Friday 27 September 2013

How NOT to Write Historical Fiction – A Master Class from Bulwer-Lytton

I’m not the first to criticise the writing of Edward Bulwer-Lytton (1803-1873). There’s even a writing contest in his name in which contestants attempt to write the worst opening sentence. And following on from two prose master classes (on first person narration and repetition) using the works of Charles Dickens, I thought it might be fun to take Bulwer-Lytton’s 1834 novel The Last Days of Pompeii as an example of how NOT to write historical fiction.

Pompeii (artist's impression)
1. Don’t lecture. Even if you want your novel to have educational value, there’s no excuse for making the writing dull. Take this discussion on Pompeian architecture, which is even framed as a lecture by Bulwer-Lytton. It begins:

‘Previous to our description of this house, it may be as well to convey to the reader a general notion of the houses of Pompeii, which he will find to resemble strongly the plans of Vitruvius; but with all those differences in detail, of caprice and taste, which being natural to mankind, have always puzzled antiquaries. We shall endeavour to make this description as clear and unpedantic as possible.’

Edward, I think you’ve already failed. Endeavouring not to be pedantic is not a good start. Telling us what ‘we will find’ renders the rest of the passage unnecessary. And, more than anything, showing any sign of uncertainty (‘it may be as well to…’) damages your credibility in the eyes of readers. If you’re going to be transporting readers back to another time period, being confident is even more important. The passage concludes:

‘The reader will now have a tolerable notion of the Pompeian houses, which resembled in some respects the Grecian, but mostly the Roman fashion of domestic architecture.’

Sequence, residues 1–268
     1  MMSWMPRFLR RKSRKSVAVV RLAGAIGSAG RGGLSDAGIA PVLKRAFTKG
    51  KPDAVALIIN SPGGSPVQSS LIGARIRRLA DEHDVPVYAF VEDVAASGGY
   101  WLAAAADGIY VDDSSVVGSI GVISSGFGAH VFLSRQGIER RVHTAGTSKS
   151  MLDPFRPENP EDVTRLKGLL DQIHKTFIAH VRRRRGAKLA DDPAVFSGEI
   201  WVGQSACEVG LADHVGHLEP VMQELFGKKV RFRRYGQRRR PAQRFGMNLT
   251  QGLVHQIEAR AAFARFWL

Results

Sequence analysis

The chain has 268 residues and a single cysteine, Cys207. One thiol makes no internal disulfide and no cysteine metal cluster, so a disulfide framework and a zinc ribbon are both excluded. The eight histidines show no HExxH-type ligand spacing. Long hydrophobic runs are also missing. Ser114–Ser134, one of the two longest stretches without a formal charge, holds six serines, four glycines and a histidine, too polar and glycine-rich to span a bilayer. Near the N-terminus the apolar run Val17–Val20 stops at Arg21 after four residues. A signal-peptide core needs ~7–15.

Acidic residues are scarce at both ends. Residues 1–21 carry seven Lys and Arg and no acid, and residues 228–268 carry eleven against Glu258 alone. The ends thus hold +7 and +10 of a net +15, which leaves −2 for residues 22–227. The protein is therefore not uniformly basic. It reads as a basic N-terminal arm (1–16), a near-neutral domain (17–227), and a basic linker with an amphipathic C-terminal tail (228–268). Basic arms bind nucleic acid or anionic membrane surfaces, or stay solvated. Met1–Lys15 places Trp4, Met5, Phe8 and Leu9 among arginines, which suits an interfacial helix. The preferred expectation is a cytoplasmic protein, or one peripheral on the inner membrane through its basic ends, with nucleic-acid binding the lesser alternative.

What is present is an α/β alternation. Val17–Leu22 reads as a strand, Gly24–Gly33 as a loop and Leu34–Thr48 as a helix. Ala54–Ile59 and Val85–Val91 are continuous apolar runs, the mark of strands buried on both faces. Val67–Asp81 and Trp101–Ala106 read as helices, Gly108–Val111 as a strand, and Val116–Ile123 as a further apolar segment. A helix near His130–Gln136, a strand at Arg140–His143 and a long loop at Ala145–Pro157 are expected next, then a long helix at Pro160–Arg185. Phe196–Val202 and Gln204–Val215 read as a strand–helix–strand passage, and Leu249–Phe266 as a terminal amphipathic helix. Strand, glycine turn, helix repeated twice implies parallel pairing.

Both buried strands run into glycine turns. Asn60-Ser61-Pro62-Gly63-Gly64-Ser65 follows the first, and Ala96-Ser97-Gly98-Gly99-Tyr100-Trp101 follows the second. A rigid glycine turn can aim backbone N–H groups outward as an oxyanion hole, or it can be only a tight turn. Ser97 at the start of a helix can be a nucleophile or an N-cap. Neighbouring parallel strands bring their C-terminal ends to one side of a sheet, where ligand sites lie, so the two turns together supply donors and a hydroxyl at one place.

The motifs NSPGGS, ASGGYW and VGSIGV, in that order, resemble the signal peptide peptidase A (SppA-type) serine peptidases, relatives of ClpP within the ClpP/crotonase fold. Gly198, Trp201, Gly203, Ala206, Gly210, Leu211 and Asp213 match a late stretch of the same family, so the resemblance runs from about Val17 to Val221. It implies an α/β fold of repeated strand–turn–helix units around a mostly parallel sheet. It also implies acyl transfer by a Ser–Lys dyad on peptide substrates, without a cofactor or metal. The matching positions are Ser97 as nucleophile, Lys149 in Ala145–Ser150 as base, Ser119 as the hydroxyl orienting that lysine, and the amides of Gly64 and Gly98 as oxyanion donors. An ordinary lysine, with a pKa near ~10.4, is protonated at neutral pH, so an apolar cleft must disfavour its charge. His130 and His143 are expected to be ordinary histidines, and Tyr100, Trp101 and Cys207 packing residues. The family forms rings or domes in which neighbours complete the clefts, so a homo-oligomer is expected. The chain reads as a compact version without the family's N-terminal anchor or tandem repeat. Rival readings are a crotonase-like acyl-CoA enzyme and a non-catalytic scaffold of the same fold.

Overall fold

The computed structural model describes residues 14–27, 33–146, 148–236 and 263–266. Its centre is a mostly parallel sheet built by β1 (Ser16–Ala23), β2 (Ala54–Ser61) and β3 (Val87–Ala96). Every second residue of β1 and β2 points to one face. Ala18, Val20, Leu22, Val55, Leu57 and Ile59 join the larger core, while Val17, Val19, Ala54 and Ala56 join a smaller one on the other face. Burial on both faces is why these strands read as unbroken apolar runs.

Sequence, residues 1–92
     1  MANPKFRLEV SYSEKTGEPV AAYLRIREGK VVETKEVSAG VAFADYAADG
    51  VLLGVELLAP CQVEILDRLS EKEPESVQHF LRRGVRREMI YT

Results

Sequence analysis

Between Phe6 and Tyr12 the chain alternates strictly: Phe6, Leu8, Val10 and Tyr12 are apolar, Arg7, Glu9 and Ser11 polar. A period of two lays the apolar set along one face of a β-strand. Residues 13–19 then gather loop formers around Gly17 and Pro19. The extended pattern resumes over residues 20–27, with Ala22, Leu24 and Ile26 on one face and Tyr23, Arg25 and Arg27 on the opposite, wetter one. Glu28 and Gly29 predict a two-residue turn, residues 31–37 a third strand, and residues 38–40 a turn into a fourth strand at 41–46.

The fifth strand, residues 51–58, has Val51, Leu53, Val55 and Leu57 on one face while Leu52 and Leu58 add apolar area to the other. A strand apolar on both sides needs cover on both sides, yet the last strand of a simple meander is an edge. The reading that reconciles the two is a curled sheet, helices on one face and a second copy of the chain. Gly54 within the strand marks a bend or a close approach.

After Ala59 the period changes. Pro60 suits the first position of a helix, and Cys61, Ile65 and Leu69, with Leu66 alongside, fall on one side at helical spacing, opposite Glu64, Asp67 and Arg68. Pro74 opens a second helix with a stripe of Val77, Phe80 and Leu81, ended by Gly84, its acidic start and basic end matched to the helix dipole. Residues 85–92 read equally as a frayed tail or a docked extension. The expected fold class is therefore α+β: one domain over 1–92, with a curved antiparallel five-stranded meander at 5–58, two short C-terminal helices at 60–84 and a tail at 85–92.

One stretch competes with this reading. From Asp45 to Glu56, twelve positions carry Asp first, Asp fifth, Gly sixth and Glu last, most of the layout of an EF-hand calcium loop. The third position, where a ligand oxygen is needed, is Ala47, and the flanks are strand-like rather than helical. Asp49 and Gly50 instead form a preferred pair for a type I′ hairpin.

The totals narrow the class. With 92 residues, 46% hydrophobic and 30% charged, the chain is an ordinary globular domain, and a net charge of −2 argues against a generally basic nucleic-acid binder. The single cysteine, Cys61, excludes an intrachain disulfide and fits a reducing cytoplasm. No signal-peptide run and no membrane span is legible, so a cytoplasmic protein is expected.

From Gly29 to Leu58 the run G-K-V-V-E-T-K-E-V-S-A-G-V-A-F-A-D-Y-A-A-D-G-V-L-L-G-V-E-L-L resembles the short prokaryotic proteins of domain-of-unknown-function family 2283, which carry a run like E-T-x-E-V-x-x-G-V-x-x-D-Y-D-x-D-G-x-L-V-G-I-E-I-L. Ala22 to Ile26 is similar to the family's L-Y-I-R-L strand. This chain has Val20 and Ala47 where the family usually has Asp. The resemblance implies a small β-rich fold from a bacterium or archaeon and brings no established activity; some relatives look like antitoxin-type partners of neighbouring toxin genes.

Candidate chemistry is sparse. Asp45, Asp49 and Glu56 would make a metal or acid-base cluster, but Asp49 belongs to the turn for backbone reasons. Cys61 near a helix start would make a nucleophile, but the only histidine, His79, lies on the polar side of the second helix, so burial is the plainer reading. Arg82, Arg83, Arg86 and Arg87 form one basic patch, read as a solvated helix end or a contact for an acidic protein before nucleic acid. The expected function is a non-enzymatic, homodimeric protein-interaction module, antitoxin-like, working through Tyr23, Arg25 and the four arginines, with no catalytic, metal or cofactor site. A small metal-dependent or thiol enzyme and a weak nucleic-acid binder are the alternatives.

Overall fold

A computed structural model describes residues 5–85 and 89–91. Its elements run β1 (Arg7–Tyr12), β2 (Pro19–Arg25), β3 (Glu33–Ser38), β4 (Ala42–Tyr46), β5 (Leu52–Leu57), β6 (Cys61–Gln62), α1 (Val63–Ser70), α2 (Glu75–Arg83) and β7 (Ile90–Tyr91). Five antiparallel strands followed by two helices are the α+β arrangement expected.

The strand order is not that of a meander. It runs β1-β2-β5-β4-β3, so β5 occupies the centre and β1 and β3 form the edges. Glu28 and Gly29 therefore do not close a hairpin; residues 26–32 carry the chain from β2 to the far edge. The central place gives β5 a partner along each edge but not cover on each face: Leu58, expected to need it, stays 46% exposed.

Yes, we may know something ‘tolerable’ about houses but we may not be engaged in the novel.

2. If you’re going to lecture, at least get your facts right. This is a corker. Bulwer-Lytton provides his readers with an unnecessary aside about the two most famous ancient Greek writers:

‘Yet you are fond of the learned, too; and as for poetry, why, your house is literally eloquent with Aeschylus and Homer, the epic and the drama.'

Unless this is an unsuccessful attempt at reproducing a (very Latin) chiastic structure, this is sloppy and ‘epic’ and ‘drama’ should be swapped round.

3. Don’t quickly gloss unknown terms or facts. Either as narrator (‘'Bene vobis! (Your health!) my Glaucus,' said he’) or in the characters’ dialogue:

''She interests me, the poor slave! Besides, she is from the land of the Gods' hill—Olympus frowned upon her cradle—she is of Thessaly.'
 'The witches' country.'’

Any immersion in the world of your novel is destroyed in seconds by the acknowledgement of its inaccessibility.

4. Don’t turn critic of literature from the period you are writing about. This is like glossing but also comes across as writer-on-writer bitchiness:

‘it was the fashion among the dissolute young Romans to affect a little contempt for the very birth which, in reality, made them so arrogant; it was the mode to imitate the Greeks, and yet to laugh at their own clumsy imitation.’

Perfect your own prose first (or just write bitchy blog posts!).

5. Don’t get your characters to say things which seem ironic from a modern perspective. I’ve hated this ever since ‘analysing’ the Titanic references in my GCSE set text J.B. Priestley's An Inspector Calls. It’s lazy historical writing. It’s just too obvious. You can make these points in the body of your story. Just don’t write dialogue lines like these:

‘'What think you of this new sect, which I am told has even a few proselytes in Pompeii, these followers of the Hebrew God—Christus?'
'Oh, mere speculative visionaries,' said Clodius; 'they have not a single gentleman amongst them; their proselytes are poor, insignificant, ignorant people!'’


‘'Nay,' cried Glaucus, 'no cold and trite director for us: no dictator of the banquet; no rex convivii. Have not the Romans sworn never to obey a king? Shall we be less free than your ancestors?’’

Got any ideas for future writing master classes? Let the Secret Victorianist know below, on Facebook or on Twitter (@SVictorianist).

1 comment:

  1. "Bulwer-Lytton’s 1834 novel The Last Days of Pompeii " technically pre-Victorian.
    On the other hand, Bulwer-Lytton is said to have got worse as he got older so his faults would be aggravated when he became Victorian. Certainly, the only one I've read- The Coming Race, early SF and the inspiration for the name of Bovril- is not a masterpiece.